not sure if its clear but the kid is wearing pants which has a big gap in the ass region. Even in cold weather, all kids are wearing this type of pants and are exposed to the freezing cold. i never figured exactly why but had an idea. Until one day in shanghai station, when a kid suddently sat down and had a piss in the middle of the ticket queue. No one even looked half interested/shocked except us. So next time you think you stepped on a puddle you suspect is from a leaking roof, think again...


aahh..getting sleepy..just have to post these pics with less comments..
this one is at shaolin temple..home of the famous kung fu monks.


fung ku murien. you should see her with num chuckers!


using chi qong power to focus on throat and bend spears...


monks training by using fingers and punching tree.. these are the holes left from their hard training apparenlty.


longman caves... i think this is the most interesting sites in china. better than the great wall and terra cotta warriors. not many tourists come here though which is a shame.


basically they are carvings of buddas and statues and writings into caves along the river. On the other side are also more carvings and some temples.


some chinese carp i think.


city of nanjing. quite a nice city actually. Lots of markets and cheap goodies.


shanghai. Nice view from jingmao tower..which is the tallest in china.
Shanghai is probably the biggest and busiest city in China. Its the financial capital and definelty feels different from other places in China. There are heaps of shopping streets and big buildings but I found it quite boring, just like any other big city.


Inside JingMao tower.


night life is buzzing though. oh, and this is where murien was pickpocketed. she felt something in her jacket pocket and looked around.. and busted this young girl who looked so guilty. But we keep all our stuff inside the jackets so it was ok.


humm..macdonalds and KFC are also EVERYWHERE in china. So is starbucks and other franchises..


old shanghai streets.


new shanghai streets made to look old style for tourists shopping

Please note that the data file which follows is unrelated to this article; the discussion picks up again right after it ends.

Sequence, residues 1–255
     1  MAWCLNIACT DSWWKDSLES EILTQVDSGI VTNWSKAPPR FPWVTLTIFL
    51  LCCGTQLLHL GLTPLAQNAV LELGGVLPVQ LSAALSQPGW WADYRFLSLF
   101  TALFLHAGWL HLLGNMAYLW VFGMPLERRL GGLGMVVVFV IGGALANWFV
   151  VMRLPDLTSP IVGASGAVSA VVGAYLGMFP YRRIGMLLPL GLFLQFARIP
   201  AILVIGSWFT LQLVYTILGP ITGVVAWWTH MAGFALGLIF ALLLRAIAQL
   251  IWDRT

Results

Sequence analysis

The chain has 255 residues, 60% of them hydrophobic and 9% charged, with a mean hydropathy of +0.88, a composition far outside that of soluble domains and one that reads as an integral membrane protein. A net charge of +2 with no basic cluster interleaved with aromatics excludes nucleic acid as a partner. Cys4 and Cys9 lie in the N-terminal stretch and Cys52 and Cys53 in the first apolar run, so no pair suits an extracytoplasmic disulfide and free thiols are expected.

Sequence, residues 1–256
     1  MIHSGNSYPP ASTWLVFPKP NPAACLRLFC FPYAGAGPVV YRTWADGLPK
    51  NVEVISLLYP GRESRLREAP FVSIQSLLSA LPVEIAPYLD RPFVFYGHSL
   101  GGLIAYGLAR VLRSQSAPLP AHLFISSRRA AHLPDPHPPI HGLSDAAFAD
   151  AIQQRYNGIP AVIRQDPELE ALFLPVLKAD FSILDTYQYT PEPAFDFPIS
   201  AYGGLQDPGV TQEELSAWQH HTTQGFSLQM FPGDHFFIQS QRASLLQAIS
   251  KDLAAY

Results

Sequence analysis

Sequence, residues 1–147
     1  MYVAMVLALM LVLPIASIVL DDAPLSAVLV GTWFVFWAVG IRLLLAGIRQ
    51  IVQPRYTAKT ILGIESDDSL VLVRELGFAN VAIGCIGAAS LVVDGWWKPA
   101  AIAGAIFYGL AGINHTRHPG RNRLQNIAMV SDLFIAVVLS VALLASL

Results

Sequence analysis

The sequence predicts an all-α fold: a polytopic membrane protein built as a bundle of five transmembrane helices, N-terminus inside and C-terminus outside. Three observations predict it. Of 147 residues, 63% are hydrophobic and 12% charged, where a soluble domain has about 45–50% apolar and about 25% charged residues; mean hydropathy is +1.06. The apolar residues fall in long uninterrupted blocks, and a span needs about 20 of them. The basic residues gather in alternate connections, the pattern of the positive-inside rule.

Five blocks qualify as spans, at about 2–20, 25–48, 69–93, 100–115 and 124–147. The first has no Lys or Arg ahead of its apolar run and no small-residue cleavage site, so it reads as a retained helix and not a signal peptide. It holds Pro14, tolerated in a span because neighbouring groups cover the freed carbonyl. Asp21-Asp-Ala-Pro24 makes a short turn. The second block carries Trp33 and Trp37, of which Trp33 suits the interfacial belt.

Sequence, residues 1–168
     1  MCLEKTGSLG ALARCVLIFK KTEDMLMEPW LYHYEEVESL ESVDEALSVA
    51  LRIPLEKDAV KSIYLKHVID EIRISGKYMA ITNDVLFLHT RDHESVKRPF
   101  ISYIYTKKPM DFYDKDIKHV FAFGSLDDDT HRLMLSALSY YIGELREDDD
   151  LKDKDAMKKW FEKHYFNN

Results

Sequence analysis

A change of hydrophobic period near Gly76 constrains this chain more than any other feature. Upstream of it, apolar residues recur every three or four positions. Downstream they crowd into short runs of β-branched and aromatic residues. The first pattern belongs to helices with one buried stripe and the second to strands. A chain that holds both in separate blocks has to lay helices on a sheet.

the new generation. young, and have more money to spend on clothes, mobile phones, and shopping. Interestingly some local students told me that most students and workers get only about 30 yuan which is about AU$5 for a days work...even though people are getting paid more and becoming richer, there is always going to be people willing to work for less.


on the same street.

well, from China we headed south to Hong Kong and Macau. But thats for another update. i:m zzzzzzzzzzz..

China as you can see is an interesting place to visit. The country is changing very rapidly, especially for the upcoming Olympics as they want to project a very good image for the world to see. But for me, the picture you see is of a country adopting a new life which does not suit everyone. It seems that the government is changing the cities and lifestyles too quickly, and the people are trying to grow into something they are not. But with time things will change as they are changing now.

The government is strongly pushing nationalism and people are becoming more patriotic. The people are having an unprecedented amount of freedom now compared to any other time in the past. Yet you would expect there to be more concern about the government and its continued dictatorial rule over the country and its people. But this isn:t the case as the rich are too busy making money and dont want to cause trouble while the poor are too busy trying to survive and cannot cause any trouble. So for now, its full steam ahead with economic growth while social, political, and environmental concerns are out the window. For me, Chinas future is uncertain and once development becomes stagnant, many of the underlying problems currently being overlooked because of the strong growth will become evident.

till next time, have fun at work.

p.s. i:m undecided whether to just swim and relax at the beach tomorrow or rent a scooter and ride around the island ;) decisions decisions...

Posted by phong 23:47 Archived in China Tagged round_the_world

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Hey Phonga,

It's Jacob =) Man, looks like you're having a great time. Makes me feel like doing the same thing. Can't wait till you're back. Need to catch up, you need to tell me more stories to make me wanna go more. Enjoy! =)

by jake_63

Don't you dare to entertain the thought of travelling any further!!!!!!!!!!!!! Get yourself back here asap - Your fellow workers NEED YOU!!!!and besides we're insanely jealous. Your spelling is getting worse, you are looking dreadfully tired in the photos - come back early and have a good night's sleep in your own home, have $$$$$ in the bank and make Jen, Don and me happy. Have fun while it lasts haha.Carolyn

by carolynnm